Back in August, I told readers how Corporate America has been repurchasing their own stocks at a record rate.
According to Standard & Poor's, the 500 largest U.S. companies (that make up the S&P 500 Index) spent nearly $159.3 billion to buy back shares of their own stock in the first quarter of this year (the latest data available). That is the highest quarterly amount spent in seven years and twice what corporations spent on dividends.
That said, investors should know there's a wrong way and a right way for corporations to promote share price gains through stock buybacks -- one that can lead you to significant investment losses, and the other that could lead to you market-beating gains.
First, the wrong way. Because share buybacks boost a company's earnings per share (EPS), many large companies that have seen sluggish revenue growth over the past few years have been abusing this practice.
And back in July, I told readers of a well-known company doing just that:
"Take International Business Machines (NYSE: IBM) for example. The legendary company has been the poster boy of share buybacks for years now. Since 2010, IBM has purchased 200 million of its own shares, shrinking its share count a whopping 16% from 1.29 billion shares to 1.08 billion shares today.
But at the same time, the company's annual sales have stayed flat over the past four years. In fact, the company's sales over the past 12-months are actually lower than they were in 2010 -- $98.8 billion now compared to $99.8 billion in 2010.
The per share value added from these buybacks have no doubt made some shareholders happy, at least for now. But it remains to be seen if investors will be happy to continue owning large companies like these that aren't actually growing their top lines -- buybacks or not."
Nearly four months later, it looks like investors may finally be calling IBM's bluff in their aggressive "window dressing" of profits per share.
Shortly after reporting another quarter of declining revenues, investors sold off their shares in droves. Shares of IBM fell 8% on October 20 alone, and due to the sheer size of the company, the selloff was enough to drag down the Dow Jones Industrial Average by a whopping 85 points.
Over the past three months, IBM shares are down roughly 13%.
It remains to be seen if shareholders will punish IBM further from here for its sluggish top line growth. And make no mistake, there are many other large buyback imposters just like IBM waiting for a similar share price correction.
But what's clear is this: To avoid land mines and have a better chance at finding market-beating stocks, investors are best off finding companies that not only buy back shares of stock, but also have a track record of revenue growth.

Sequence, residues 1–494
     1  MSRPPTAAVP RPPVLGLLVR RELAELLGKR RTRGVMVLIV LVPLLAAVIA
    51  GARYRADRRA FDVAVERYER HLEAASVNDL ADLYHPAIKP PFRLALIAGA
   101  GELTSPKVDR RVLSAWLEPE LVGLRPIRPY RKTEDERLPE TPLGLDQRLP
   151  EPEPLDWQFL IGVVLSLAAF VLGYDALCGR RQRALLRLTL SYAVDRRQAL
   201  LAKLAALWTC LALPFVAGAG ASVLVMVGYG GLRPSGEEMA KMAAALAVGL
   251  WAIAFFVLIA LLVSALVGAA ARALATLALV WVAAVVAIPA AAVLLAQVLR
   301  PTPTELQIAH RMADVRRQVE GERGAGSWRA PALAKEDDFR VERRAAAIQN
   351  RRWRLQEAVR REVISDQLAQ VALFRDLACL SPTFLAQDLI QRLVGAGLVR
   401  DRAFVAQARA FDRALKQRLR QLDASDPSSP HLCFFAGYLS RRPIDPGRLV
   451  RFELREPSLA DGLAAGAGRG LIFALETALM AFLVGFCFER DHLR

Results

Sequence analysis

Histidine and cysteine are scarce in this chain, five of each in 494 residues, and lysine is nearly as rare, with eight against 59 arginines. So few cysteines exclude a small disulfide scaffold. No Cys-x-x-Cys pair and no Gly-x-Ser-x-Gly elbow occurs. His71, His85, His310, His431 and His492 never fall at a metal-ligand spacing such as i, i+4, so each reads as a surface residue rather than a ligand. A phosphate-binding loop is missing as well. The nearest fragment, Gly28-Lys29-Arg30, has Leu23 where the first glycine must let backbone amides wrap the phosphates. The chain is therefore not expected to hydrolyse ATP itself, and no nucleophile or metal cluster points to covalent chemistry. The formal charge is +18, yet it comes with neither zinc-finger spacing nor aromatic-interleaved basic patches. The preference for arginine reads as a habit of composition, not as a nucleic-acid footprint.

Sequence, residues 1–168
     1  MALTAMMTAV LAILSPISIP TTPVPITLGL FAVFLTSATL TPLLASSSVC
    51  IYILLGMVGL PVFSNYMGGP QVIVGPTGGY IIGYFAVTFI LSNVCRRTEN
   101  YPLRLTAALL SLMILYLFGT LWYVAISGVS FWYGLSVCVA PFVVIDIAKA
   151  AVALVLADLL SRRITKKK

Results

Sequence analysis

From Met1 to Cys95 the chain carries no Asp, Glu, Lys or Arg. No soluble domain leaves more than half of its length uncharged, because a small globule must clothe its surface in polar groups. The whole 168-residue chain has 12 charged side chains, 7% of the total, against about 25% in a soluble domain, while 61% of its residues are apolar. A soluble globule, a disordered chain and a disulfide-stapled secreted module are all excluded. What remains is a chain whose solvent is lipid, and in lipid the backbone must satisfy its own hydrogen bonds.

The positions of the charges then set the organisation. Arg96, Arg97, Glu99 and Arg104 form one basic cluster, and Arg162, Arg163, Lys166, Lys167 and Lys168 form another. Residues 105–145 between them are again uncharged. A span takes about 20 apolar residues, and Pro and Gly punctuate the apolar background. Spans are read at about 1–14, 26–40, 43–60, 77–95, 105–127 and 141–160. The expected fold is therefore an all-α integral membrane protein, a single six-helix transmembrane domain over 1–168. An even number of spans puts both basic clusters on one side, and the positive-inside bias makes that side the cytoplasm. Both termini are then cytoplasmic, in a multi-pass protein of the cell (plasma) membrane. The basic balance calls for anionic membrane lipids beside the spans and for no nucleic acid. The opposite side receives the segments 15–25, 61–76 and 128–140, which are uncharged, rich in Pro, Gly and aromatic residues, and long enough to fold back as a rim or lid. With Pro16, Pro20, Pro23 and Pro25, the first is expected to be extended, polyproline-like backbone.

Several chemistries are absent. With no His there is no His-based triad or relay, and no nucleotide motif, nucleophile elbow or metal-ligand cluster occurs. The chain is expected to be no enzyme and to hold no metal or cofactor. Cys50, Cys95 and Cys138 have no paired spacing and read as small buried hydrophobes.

Our growth and income expert Nathan Slaughter uses this strategy to find some of his best-performing stocks. As he told readers in his October issue of Total Yield:
"I like to get the best of both worlds -- a growing business AND fewer shareholders [from buybacks]. When you have steadily growing net income and a shrinking share count, that's when great things can happen.
With that in mind, I went out in search of exceptional companies returning at least 6% annually through dividends and buybacks. Next, to make sure the business is growing naturally rather than artificially, I screened for companies with more customers coming in the door. Specifically, those companies showing healthy revenue growth of at least 15% annually over the past three years -- with further top-line expansion projected next year.
Earnings growth at these firms isn't being driven by share repurchases -- only enhanced."
You can see how these companies fared over the past three years thanks to strong revenue growth combined with aggressive share buybacks:
Nathan adds that one of the most common misperceptions about companies returning buckets of cash to investors is that they have exhausted their organic growth opportunities.
But that's simply not always the case. In fact, these companies are all expected to post strong 2015 revenue growth (see table below) and continue rewarding shareholders with aggressive buybacks and dividends raises in the years ahead.
All of which could give these buyback machines a strong chance for healthy gains into the future, especially if their three-year-plus track record of market-beating gains have been any guide.
P.S. -- If this list of outperforming buyback companies has you excited, you'll want to check out Nathan Slaughter's latest Total Yield research. There you'll see how the market's most aggressive share-repurchasing stocks returned more than 119% from 2008 to 2014, nearly doubling the S&P 500's 66% return over the same period. You'll also get access to several names and ticker symbols of the most aggressive buyback companies that Nathan believes are worth owning today. I invite you to watch Nathan's free presentation to get all the details.